Many years before we took this trip through Switzerland, we had read an article about Zermatt, nestled near the top of the Swiss Alps and gateway to the Matterhorn. The village is at an elevation of “only” 5,310 ft, but it lies in the foothills of the Matterhorn, which looms above Zermatt at 14,692 ft. We talked about going over the Christmas holidays, when the area is all buried in snow. It sounded very romantic. No roads lead to Zermatt; it is only accessible by train. We also read that there were no cars there, which isn’t true. There were motorized carts, to be sure, but also small electric vehicles, such as the police van seen near the end of the photos. Combustion engines are prohibited. Horses with carriages are also utilized for transportation. Before we arrived we were looking forward to walking around a city and not having to be concerned about traffic. But we realized soon after arriving that you needed to be more concerned about the traffic, as it moved just as fast, but was silent.
But the train ride up into the mountains…Wow! What a feast for our eyes! We passed through little villages (such as St. Niklas, shown near the end), and saw so many gorgeous mountain scenes. The second photo is one of the scenes from the train.
The village of Zermatt wasn’t as small as we thought it would be…it has been built up because people want to ski the Matterhorn, which is what it is all about. We visited from October 4-6, 2014, and yes, there was snow on the Matterhorn, and people were skiing throughout our stay. The town was bustling. It is as expensive in Zermatt as the rest of Switzerland….one of the lunch specials was a burger and beer for 20 Swiss francs, which was equal to about US $20. Commonly, dinner entrees are $40-60. They are way out of control! Even McDonald’s items cost quite a bit higher here than in the US, where hamburger combos, with fries and a drink, are $6-8. Here, they were $10-14. A no-frills pedicure was $60.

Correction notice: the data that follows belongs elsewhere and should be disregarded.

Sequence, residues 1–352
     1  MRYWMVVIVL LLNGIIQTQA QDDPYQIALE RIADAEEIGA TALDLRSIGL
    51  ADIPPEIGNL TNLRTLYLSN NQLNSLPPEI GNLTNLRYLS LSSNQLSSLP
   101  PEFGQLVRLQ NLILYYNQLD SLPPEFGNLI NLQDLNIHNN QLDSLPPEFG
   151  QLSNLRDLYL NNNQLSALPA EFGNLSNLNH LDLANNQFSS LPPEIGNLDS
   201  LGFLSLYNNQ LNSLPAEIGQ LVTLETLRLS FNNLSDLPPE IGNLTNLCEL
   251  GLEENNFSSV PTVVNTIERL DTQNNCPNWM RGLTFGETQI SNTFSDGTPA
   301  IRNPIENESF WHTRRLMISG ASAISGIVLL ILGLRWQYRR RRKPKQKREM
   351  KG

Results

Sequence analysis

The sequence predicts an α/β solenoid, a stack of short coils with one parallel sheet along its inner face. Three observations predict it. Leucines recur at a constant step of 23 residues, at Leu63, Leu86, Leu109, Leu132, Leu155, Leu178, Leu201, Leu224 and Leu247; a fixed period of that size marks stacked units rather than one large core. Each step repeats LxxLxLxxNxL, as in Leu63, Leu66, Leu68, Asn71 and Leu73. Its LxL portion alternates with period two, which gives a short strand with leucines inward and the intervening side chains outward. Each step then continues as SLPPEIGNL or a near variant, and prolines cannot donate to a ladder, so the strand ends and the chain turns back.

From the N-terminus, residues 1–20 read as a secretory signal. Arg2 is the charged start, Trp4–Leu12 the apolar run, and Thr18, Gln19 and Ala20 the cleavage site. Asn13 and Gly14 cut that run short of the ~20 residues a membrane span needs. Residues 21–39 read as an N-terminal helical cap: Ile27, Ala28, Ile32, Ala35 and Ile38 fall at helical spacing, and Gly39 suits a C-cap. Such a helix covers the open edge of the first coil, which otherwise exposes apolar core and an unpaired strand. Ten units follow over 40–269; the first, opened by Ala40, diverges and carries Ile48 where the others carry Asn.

The first, third, and fourth photos are of the mighty Matterhorn. It is hard to take pictures in Zermatt and NOT also capture the great mountain. One day we just hiked for several hours through the foothills just outside of town, and it was green, warm, and quite pastoral. Window boxes were jammed with pretty flowers. In the next-to-last photo, you can see the appetizer to one memorable dinner: Swiss fondue. It was heavenly, served with bread, veggies, and apples. Switzerland is a cheese lover’s paradise. Besides the famous fondue, we also enjoyed a cheese dish they invented called raclette, usually served melted in a small skillet. The bread and veggies are served on the side. We have come across raclette a few more times in other places and have usually ordered it when we had the opportunity.
And the last photo is one of our very favorites after many years of travel. It was a sign in a small rotisserie chicken takeout restaurant, owned by a very crusty woman who spoke quite bluntly and sharply. But she relaxed as we talked, and our last impression of her was that she was actually very kind. Making a living in a tourist town with at least 100 restaurants is difficult. Many of the restaurants still had their outdoor decks open, with views of the Matterhorn as we dined. It was in the mid-70s, a very pleasant time of year. The shops were full, and several coffee shops with outrageous-looking desserts always seemed to be crowded. Not really the quiet getaway we had imagined, but so pretty. So Alpine. So Swiss.